Cabaret: So, Life is Disappointing

The timing feels very right for a revival of John Kander, Fred Ebb and Joe Masteroff’s seminal musical Cabaret. It’s only been 10 years since the last Broadway revival of the show but seems incredibly necessary right now to get people talking about how easy it is to ignore danger until it’s too late.

It also feels very timely to have a production of Cabaret directed by a woman, especially as the choices Sally Bowles makes throughout the show become increasingly controversial. Since Christopher Isherwood first created the character of Sally Bowles, she has been interpreted by men, from John Van Druten to John Kander, Fred Ebb, Joe Masteroff, Hal Prince and Bob Fosse. We’re long overdue for a new interpretation of the character under a woman’s direction.

And one could be optimistic walking into The Kit Kat Club at the August Wilson Theater. The creative team did an amazing job turning the theater into a maze of corridors and performance spaces and bars where everything seems both fun and exciting and just sketchy and chaotic enough to keep everyone on their toes. The hour-long pre-show is a great opportunity to watch dancers and musicians perform and enjoy the energy. The renovation to the main auditorium is gorgeous. The stage is now a fairly small platform in the round, surrounded by seats on the ground level and a balcony above. And it really looks perfect.Tom Scutt did an amazing job with the set.

But then the show begins, and so do the problems. Because the energy is already high from that pre-show, and Willkommen is a high-energy opening number, it starts to feel like too much right off the bat. And this seems to be how Frecknall has directed the show—too much and over the top. There are very few moments for the audience to catch its collective breath, and it gets exhausting. It also means that the moments that should be big have nowhere to grow. When Gayle Rankin makes her entrance as Sally for Don’t Tell Mama, she is in a baby costume and wails “Mama!” like an infant. That’s how the song starts. It’s difficult to build from that.

And that’s the biggest problem with this production—the style overwhelms the substance and the emotions in the story rarely get to build or shine. By the time everything reaches a crisis point, we’re overwhelmed and it’s hard to feel for the characters.

Rankin was a wonderful Fraulein Kost 10 years ago but her Sally is so constantly histrionic that it’s very hard to get a glimpse of what’s under her mask. They are there—the moment when she tells Cliff that she has nowhere else to go if he won’t take her in is truly poignant.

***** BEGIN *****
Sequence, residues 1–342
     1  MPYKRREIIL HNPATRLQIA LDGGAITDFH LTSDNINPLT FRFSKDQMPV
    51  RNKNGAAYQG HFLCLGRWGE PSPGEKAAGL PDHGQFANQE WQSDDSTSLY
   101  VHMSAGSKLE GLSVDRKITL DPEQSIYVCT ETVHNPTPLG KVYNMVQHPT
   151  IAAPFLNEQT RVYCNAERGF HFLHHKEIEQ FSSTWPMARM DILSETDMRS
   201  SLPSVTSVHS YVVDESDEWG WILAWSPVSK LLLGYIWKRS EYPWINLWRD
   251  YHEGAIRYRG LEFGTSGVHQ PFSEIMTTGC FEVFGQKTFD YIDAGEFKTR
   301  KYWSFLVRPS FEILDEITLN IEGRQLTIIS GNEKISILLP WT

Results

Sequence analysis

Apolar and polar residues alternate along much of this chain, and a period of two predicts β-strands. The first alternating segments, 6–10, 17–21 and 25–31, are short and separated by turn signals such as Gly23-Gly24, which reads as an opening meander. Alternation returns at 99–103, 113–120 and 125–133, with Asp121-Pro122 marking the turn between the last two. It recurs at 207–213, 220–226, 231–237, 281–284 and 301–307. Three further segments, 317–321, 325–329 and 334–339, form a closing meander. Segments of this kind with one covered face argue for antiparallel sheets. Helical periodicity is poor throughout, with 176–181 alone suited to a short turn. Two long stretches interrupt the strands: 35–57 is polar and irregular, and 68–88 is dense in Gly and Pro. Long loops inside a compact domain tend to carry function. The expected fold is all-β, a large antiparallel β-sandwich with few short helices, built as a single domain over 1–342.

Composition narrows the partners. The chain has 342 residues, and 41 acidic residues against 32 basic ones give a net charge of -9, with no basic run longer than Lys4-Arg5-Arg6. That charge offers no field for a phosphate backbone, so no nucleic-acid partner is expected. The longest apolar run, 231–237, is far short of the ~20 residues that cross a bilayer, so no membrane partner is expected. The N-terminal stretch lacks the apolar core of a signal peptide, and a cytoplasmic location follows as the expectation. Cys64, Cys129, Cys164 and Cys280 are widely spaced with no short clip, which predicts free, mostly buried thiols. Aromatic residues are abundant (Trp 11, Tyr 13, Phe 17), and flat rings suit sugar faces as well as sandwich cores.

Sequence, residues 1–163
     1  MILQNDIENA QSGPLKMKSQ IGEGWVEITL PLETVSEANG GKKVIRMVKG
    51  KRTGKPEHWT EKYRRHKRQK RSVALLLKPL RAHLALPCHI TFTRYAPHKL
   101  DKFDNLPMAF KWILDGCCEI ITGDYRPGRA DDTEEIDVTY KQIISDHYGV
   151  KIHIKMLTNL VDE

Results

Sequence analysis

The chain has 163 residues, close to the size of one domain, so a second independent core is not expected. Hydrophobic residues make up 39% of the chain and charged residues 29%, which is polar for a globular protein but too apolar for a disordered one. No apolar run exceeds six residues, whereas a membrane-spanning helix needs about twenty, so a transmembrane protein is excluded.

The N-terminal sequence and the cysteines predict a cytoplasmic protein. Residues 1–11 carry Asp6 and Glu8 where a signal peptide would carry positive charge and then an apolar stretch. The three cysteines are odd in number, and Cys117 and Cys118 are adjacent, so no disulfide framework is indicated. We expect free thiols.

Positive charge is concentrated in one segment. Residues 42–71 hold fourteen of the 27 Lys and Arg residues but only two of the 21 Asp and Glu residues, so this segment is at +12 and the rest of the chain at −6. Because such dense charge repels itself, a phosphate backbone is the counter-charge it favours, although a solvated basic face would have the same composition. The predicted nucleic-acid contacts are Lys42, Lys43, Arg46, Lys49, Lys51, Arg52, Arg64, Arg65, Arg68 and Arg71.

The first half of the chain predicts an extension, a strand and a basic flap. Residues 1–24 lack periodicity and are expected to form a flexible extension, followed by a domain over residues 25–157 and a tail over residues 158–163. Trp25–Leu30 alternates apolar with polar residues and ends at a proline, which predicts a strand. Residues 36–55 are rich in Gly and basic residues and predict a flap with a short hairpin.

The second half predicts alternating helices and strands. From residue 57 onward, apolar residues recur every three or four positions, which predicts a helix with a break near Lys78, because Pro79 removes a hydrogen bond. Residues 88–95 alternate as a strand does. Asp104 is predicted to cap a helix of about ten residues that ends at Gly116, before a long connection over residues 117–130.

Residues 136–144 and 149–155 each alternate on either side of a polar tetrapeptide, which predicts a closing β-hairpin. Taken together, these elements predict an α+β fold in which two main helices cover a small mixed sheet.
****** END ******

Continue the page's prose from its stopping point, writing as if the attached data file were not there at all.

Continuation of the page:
Eddie Redmayne’s interpretation of the Emcee is not likely to be as revolutionary as Alan Cumming’s was. Redmaybe lurks around the stage for much of the show, contorting himself like a gremlin unless he’s wearing a skeleton costume or a clown costume for certain scenes. He does sing very well and his “I Don’t Care Much” is really beautiful but this interpretation seems more confusing than chilling..

The role of Cliff has to be one of the least showy in Cabaret, but Ato Blankson-Wood does a nice job as the proverbial straight man (or not so straight?), the proverbial camera of the original play adaptation.

The two most moving performances of the evening are Bebe Neuwirth as Fraulein Schneider and Steven Skybell as Herr Schultz—probably because they’re the only ones playing characters rather than caricatures. Their scenes together are the real highlights of the show, and Neuwirth’s “What Would You Do?” is a showstopper and one of the few chill-inducing moments in a show that should have lots of chill-inducing moments. Skybell is as endearing as Herr Schultz as he was as Tevye in the Yiddish Fiddler a few years back—he makes Schultz’s ultimate fate much more poignant by being so charming. His genuine warmth and charm provides a nice contrast to Henry Gottfried’s more manipulative charm as Herr Ludwig. Natascia Diaz also scores some good laughs as Fraulein Kost, and her portion of the song “Married” is lovely.

While the renovation of the theater itself is gorgeous, Tom Scutt’s set itself does what it can with limited space and with the restrictions of performing in the round. I get the feeling that maybe Cabaret isn’t one of those shows that works when seen from all sides. The whole point of performing in the round is that everyone in the theater has a different perspective—this is illustrated very nicely in the revival of An Enemy of the People over at Circle in the Square. Cabaret isn’t so much about different perspectives, so the staging in the round and the inherent restrictions in the set don’t contribute that much to the story. Scutt also designed the often baffling costumes, which really don’t seem to take cues from the script at all unless someone can correct me. We only see Sally’s infamous coat once so when it’s missing later in the show, it doesn’t make an impact. Isabella Byrd’s lighting does a nice job setting the mood. Julia Cheng’s choreography doesn’t try to ape Fosse, which is good, but it’s also not terribly memorable. Jennifer Whyte’s music direction is very good, although the orchestra overwhelmed the singers at several points in the show.

Ultimately, a combination of the pre-show from this production paired with Sam Mendes’ version of the show itself might be the best of both worlds. Until then, the production at the August Wilson Theater will be a disappointment.

Photo credit: Marc Brenner

Jena Tesse Fox
Jena Tesse Fox has been writing about theater for more than a decade. Her reviews and articles have appeared on, and She also hosts the Spotlight podcast on

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